Jack: What are the main influences of Lucidium?

Dean: You’ve got me thinking now. I am heavily influenced by Triptykon. What Tom G. Warrior does is incredible. The darkness is almost tangible when you listen to those records. The despair that is in his voice and in the guitars is absolutely over-powering and I love that. My head is full of despair and it’s great to hear someone put that to music. Other inspirations are Blut Aus Nord, Bloodbath, Dissection, Opeth and Monolithe. I’m staring at my music collection now and it’s probably all inspired me in one way or another, but those, along with Marilyn Manson and Fear Factory are the ones that are most in my mind as I record Lucidium.

Jack: Lots of industrial influences acts such as Misery Loves Co. and Kill II This have reformed lately. Do you think there is an industrial revival ocuring?

Dean: I’m probably not the one to ask about that. I keep hearing about revivals of various scenes but I don’t really know what I’m supposed to read into it. Dark music has always been pretty underground or niche and it will probably stay that way. That said, if there is more industrial to get my teeth into, I’ll be happy. I saw an act called Hate Vessel the other day in Southend, and they were incredible, so if they are part of a revival, then give me more revival!

Jack: Are there any plans to take Lucidium live?

Dean: I have been toying with it in my head, but I don’t know what that would look like. Perhaps I could do it alone, but there could be musicians out there who would want to take part. I’ll have to think about it.

Jack: Is it too soon to start planning a follow up?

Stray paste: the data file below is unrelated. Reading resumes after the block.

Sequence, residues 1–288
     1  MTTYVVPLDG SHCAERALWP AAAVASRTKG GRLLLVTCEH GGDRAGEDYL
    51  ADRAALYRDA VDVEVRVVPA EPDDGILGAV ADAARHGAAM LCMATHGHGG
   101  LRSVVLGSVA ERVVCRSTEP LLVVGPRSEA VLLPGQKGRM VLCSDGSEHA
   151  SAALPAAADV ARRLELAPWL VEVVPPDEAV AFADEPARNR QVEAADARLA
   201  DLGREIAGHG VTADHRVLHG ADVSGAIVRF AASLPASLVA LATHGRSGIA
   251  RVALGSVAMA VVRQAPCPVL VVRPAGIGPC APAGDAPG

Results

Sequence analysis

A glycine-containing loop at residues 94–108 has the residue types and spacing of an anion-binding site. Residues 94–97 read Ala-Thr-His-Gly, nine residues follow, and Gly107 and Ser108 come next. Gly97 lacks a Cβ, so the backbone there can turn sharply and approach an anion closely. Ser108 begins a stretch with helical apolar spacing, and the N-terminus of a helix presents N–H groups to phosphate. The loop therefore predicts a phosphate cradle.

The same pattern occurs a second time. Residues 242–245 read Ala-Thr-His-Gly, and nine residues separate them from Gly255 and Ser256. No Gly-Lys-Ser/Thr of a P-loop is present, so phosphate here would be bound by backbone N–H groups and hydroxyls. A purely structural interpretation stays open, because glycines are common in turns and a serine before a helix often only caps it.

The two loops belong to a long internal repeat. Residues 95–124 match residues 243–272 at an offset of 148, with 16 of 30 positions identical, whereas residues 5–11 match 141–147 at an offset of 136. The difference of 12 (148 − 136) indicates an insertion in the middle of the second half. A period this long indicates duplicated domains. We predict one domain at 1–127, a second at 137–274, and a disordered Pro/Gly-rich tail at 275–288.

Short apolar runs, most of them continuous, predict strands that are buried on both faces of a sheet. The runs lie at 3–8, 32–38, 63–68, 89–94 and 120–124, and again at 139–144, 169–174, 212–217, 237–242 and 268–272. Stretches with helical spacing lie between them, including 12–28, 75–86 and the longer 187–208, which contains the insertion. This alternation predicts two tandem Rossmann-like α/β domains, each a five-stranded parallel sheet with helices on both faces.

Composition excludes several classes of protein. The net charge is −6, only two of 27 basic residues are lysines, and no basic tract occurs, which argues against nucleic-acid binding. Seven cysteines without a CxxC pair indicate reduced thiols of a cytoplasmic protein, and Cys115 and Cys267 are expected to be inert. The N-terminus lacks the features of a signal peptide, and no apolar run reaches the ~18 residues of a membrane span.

Dean: Definitely not! A concept album has already been sketched out and there are some musical ideas kicking around my hard drive, but I just need to find the right frame of mind to get down and do more.

Jack: What other plans are there for you musically?

Dean: I have quite a few projects on the go – Ordus, Torgelleth, Kethicus and, of course Myopic Empire. Myopic are working on an album right now, so that takes priority, but I am also halfway through a Torgelleth album. Torgelleth is an ambient/drone/doom project that’s inspired by the mysteries of space. It’s heavy, but in a different way to my other work.

Jack: Finally, what album would you say has been the most important for you as a musician?

Dean: Oh my… do you know how many times I’ve tried to even write a top 10 album list? It’s so hard. It’s probably Marilyn Manson – Antichrist Superstar. I had to buy a new copy of the CD of that as I wore the first one out. It taught me that it’s good to let the darkness out, that anger can be a useful tool and that art should never be compromised.

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About Jack (818 Articles)
I am a recent graduate from the University of Essex in Colchester where by the luck of Odin I met the editor, Dom. I first got into metal when I was 13 and now I am 22 and own an uncountable amount of band T-shirts. I also regularly attend gigs (local and in neighbouring areas) as well as festivals. My musical taste is varied; I like nu metal (my first love), thrash, black, death, doom, folk, sludge (my favourite genre), symphonic and many more of the multiple genres that metal has to offer, I even like some metalcore (I know it's a dirty word within some metal circles but some of it is outstanding). One of my most memorable metal moments was meeting Grand Magus at the Bloodstock signing tent and having the whole tent to myself, spending a few minutes talking to them.